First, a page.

Wednesday, April 19, 2017

Tangled Web: studio oil painting

Here's number two in my "year of the tree" series.

This group of white gums sits on a farm a few kilometres from home.

While I was initially taken in by the view to the Stirling Range, I was also interested in the patterns created by the twisting trunks and tangled branches and the umbrella-shaped leaf canopies that are typical of many large eucalypts.

As with my last painting, I wanted to capture the strong feeling of sunlight, not only as it played directly across the trunk, branches and leaves of the central tree, but also as it reflected onto the shaded side of the trunk and the undersides of the branches. In fact the shaded branches in the upper canopy have a younger, reddish bark that positively glows with the warmth and strength of that reflected light.

Although they run cattle on this property, I wanted something understated to help balance the image so I added three sheep to the left side. The fence post is also the result of some artistic licence.
 
white gums near stiling range. oil painting by andy dolphin.
Tangled Web
60x40cm oil on board.  
© Andy Dolphin

As before, that shadow colour on the main trunk looked like mud until the bright highlight was placed alongside it. It's quite unnerving to have it sitting there looking "wrong" but I'm sure I'll learn to trust it after painting a few more of these trees.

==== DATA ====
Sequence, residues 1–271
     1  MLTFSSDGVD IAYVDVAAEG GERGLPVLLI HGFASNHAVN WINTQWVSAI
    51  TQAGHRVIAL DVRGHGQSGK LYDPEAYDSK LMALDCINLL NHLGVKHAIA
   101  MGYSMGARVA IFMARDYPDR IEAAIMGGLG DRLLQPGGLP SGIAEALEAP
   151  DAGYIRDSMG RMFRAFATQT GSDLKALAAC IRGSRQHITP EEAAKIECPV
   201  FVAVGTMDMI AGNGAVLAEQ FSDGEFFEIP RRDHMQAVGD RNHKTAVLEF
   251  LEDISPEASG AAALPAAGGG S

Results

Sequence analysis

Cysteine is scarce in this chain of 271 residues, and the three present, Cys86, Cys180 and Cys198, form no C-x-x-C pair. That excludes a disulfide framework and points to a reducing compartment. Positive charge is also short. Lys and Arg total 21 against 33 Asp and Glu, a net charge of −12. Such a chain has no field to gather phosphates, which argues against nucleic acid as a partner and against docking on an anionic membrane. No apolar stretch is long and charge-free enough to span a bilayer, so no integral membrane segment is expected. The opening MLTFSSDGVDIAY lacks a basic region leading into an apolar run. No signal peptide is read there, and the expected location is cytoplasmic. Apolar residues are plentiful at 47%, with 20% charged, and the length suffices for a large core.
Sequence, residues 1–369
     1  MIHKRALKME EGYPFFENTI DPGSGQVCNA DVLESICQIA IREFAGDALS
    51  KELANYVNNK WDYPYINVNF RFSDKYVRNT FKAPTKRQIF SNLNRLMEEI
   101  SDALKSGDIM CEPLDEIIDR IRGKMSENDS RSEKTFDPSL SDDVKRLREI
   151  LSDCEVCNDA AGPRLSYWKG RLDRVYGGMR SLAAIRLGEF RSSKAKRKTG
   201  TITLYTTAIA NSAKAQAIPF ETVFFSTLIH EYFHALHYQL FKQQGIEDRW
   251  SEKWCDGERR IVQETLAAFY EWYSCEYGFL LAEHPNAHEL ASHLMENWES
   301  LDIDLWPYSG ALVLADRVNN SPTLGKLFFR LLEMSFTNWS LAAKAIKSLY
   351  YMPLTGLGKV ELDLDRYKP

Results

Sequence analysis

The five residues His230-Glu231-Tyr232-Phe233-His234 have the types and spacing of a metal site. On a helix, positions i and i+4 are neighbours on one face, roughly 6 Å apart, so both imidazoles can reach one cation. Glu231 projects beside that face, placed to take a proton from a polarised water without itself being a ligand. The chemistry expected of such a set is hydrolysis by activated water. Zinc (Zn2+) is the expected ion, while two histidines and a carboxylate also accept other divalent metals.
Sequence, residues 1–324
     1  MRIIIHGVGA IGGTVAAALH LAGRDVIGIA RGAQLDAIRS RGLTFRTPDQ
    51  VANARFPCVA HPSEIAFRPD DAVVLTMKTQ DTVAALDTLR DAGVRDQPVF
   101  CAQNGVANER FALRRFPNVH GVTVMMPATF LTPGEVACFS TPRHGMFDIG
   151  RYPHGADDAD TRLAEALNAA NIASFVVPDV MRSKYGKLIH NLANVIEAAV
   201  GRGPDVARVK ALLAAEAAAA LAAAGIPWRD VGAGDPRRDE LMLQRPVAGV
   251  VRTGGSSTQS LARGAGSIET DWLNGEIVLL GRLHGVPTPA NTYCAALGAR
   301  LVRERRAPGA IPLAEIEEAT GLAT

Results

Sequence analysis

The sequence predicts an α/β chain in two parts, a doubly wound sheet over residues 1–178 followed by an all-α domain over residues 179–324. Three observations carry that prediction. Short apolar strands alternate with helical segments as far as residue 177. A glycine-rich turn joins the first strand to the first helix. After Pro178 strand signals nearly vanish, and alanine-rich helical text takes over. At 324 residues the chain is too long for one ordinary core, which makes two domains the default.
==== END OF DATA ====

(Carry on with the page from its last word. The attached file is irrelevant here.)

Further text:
The trick with something like that is to trust the tone. You need to get that right or it will never work.

Start with what you consider to be the true "local" colour of the bark – a pale ochre in this case – then darken and cool it to the correct tone. Then you will need to add some reflected light into the mix for some parts of the tree. That reflected-light colour is dictated by the area surrounding the tree.

It can seem like a bit of a battle mixing a colour that is both warm and cool, but this approach should get you in the ballpark. Add variety to the bark with some slightly warmer and slightly cooler colours, and it will start to take form.

Saturday, March 25, 2017

Organised Chaos: studio oil painting

I think I've decided to make 2017 the year of the tree, at least as far as painting goes.

Some of my earliest subjects, when I began pursuing fine art, were the karri trees of the southwest. These are among the tallest trees in the world and I produced quite a few paintings where karris were the star.

But in recent years I haven't really used trees as a focal point. Sure, they've been there in the landscape but, since the karri paintings, I have rarely studied trees as a subject in their right.

First cab off the rank for my "year of the tree" is a studio painting of a group of whitegums, or wandoo, which I found on a farm not far from home.

Whitegums are endemic to Western Australia and have a beautiful creamy, honey-coloured and mottled-grey bark that positively glows in light or shade. Older whitegums, especially those in exposed positions, have a tendency to lose limbs over the years and to twist and turn as the elements take their toll.

With branches snaking in all directions as they compete for light, and sometimes falling to the floor or getting hung up in other branches, the trees take on a kind of organised chaos in their constant struggle to survive.

In this painting, I attempt to capture some of that chaos by looking at the base of a group of whitegum trunks. I don't know if this is one tree that divided early in its life, or if three separate trees have survived for years huddled together. I suspect the former.

whitegum trees landscape oil painting by andy dolphin
Organised Chaos
60x40cm oil on board.  
© Andy Dolphin

At 60cm x 40cm, this painting is somewhat bigger than the paintings I was doing leading up to my recent hiatus. The larger surface gave me the opportunity to explore the seemingly random pattern of branches in the tree canopy.